Why music videos might be the perfect avenue for your students

15 Nov 2019

8 mins
Panel on the art and process of the music video
Panel on the art and process of the music video

Last Thursday (14 November), an eclectic group of industry figures came together with Secondary audiences at the London Barbican to dissect the art and process of the music video. Easily one of the most unique events of the Into Film Festival so far, the event provided valuable insight into a medium that both holds limitless creative potential and can seem more accessible than feature length or even short films for young people hoping to break into the media industry.

Music videos are a really important part of pop culture and filmmaking - it's a craft of its own. It was great to be part of this fun spotlight event with a really cool, inquisitive audience, and it really shows how these events can be inspiring both to the audience and the panel. Thanks to the Into Film Festival for having us!

Director, Tash Tung

The panel included music video directors Tash Tung (who was instrumental in bringing the day together) and Fred Rowson, commissioner at Sony Music Elena Argiros and choreographer Simon Donnellon. They discussed a wide range of topics, from establishing yourself in the industry and the importance of working with friends to trusting in your own ideas and the key to successful collaboration. Check out some of the highlights and important lessons for your students below.

Students asking questions at the panel discussion on music videos

Coming to the Into Film Festival is a great opportunity for students to get away from their normal experiences. Our students make music videos and really engage with the medium, but they generally don't think about them in a cinematic context so framing them as an art form rather than simply another video on YouTube is really valuable.

Rob Dennis, Teacher, Leyton Sixth Form College

The morning began with screenings of ten music videos that the panel had worked on, featuring a variety of high-profile artists such as Sigrid, Meduza and Years & Years. The panel itself kicked off with the simple question of how each panellist came to their current roles and what they entail. Tash had always been an avid consumer of music videos but translated this into a career by simultaneously working at a production company and creating a music video with a friend in her spare time for just £300. She placed the completed video on Promonews, which allowed her to gain industry representation and devote more time to her craft (whilst initially working a part time job as well). 

The common consensus was that sites like Promonews and Video Static are essential in gaining exposure with the right people (Elena who commissions music videos for Sony visits it every day), acquiring a more detailed understanding of making music videos and getting a sense of industry trends and how you can fit within them. Other useful tips came from Elena who recommended always working with your friends as commissioners will frequently bring you both onto a project if they enjoyed the collaboration and from Simon who argued that achieving a real sense of your own voice involves analysing what you admire in others - simply go through all their work and interviews, and figure out their process.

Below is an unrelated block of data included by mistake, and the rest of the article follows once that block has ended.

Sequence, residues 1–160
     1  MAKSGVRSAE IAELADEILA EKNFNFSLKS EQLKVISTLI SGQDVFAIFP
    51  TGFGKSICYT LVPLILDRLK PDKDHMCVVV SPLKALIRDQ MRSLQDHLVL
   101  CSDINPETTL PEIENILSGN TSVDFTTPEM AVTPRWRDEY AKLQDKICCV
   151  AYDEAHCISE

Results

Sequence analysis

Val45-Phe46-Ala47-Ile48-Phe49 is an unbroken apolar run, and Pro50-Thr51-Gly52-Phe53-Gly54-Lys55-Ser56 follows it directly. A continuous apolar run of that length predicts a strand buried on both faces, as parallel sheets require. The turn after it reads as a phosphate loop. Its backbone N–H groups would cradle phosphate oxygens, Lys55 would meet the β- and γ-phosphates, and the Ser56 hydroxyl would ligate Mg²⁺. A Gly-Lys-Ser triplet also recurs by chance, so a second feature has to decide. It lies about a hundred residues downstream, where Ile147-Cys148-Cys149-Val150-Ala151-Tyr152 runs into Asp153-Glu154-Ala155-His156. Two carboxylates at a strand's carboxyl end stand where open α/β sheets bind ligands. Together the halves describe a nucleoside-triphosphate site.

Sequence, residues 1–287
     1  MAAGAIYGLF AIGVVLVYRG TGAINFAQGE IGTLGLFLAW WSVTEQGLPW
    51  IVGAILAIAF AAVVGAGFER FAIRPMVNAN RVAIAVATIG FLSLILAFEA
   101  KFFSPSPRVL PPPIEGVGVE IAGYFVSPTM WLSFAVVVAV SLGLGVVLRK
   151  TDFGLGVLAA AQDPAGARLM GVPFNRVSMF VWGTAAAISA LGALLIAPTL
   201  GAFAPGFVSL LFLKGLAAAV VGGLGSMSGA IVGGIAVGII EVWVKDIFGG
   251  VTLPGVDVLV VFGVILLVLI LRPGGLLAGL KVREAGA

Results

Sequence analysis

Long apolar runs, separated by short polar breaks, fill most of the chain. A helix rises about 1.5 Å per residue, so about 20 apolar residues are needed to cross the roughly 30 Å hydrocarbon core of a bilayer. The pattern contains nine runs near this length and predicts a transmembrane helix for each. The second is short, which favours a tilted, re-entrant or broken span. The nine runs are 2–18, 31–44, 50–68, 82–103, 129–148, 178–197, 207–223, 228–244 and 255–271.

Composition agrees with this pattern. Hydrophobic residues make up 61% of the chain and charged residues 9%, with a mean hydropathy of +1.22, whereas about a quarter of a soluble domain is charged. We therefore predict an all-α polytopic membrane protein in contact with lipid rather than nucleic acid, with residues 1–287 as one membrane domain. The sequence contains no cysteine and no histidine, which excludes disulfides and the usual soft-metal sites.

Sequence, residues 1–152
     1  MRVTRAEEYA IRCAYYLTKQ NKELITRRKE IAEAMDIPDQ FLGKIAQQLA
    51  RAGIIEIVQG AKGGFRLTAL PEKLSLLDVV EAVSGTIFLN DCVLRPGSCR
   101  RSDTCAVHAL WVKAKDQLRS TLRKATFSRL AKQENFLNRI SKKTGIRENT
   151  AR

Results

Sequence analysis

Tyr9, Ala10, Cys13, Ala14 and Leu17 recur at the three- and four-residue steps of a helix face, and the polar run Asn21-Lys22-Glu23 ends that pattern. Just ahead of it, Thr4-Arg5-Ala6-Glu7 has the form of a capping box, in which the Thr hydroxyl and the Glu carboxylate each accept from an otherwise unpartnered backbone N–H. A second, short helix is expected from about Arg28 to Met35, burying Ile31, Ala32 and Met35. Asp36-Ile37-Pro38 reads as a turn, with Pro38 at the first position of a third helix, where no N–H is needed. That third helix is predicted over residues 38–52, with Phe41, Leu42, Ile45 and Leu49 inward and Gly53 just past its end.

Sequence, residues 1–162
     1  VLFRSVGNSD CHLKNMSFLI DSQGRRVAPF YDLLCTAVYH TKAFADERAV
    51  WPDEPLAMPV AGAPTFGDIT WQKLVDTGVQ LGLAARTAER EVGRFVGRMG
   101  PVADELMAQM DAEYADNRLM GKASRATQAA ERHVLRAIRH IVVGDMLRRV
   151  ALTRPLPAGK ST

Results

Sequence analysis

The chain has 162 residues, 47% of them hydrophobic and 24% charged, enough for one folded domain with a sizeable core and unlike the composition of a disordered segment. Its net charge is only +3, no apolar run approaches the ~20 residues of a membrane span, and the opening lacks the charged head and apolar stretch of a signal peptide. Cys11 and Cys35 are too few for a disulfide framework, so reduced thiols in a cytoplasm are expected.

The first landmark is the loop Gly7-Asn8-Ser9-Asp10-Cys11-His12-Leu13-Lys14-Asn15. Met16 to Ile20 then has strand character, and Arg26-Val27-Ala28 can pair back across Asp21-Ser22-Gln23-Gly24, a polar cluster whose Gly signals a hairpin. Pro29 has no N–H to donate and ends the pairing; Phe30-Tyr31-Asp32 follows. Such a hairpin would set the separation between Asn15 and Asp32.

It was a fantastic opportunity to meet and talk to young people looking to get into the industry. I really enjoyed discussing the work with the other panelists and answering questions from the group.

Commissioner at Sony Music, Elena Argiros

Meanwhile, reflections on their own process offered some crucial learning points for young people, no matter where in the industry they hope to be. For Fred, the creative process initially involves getting all your thoughts on paper no matter how insane they may seem. In fact, ‘trust in your own ideas' as the ones you initially find embarrassing often end up yielding the best reaction from the musician you're working with and the audience. For Simon, ‘half my job is being nice to people' as it allows him to build up genuine connections that will create further professional opportunities. In terms of the collaboration process itself, ‘you can easily fall into a trap of making one person happy' but true success is dependent on listening to everybody and achieving a sense of balance.

A key point to bear in mind when building a career is how you define success for yourself. Tash ultimately aims to find a balance between projects she's commissioned for and passion projects like Semitones, which involved working with a friend around ideas of heritage. Fred on the other hand always aims to illicit a reaction from his audience whether it be laughter or discomfort.

Into Film gives opportunities for students who are starting out in their careers to gain an insight into practitioners from across the film industry. We actually do a music video project in creative media production so we're hoping our learners will be inspired by the range of music videos on show today. They show that music videos don't necessarily have to be dance-focused or have high production values but be more art house and as students, it's really important to experiment and emphasise creativity.

John Gordon, Teacher, Creative Academy London

Why music videos then? Well they give creative people a lot of scope to play with their own ideas and are more relevant than ever for musicians as a way of creating a genuinely exciting and nuanced image for themselves, so why not give it a go? The perfect place to start is by searching through the countless exciting unsigned artists on Soundcloud and starting to build your own creative collaborations.

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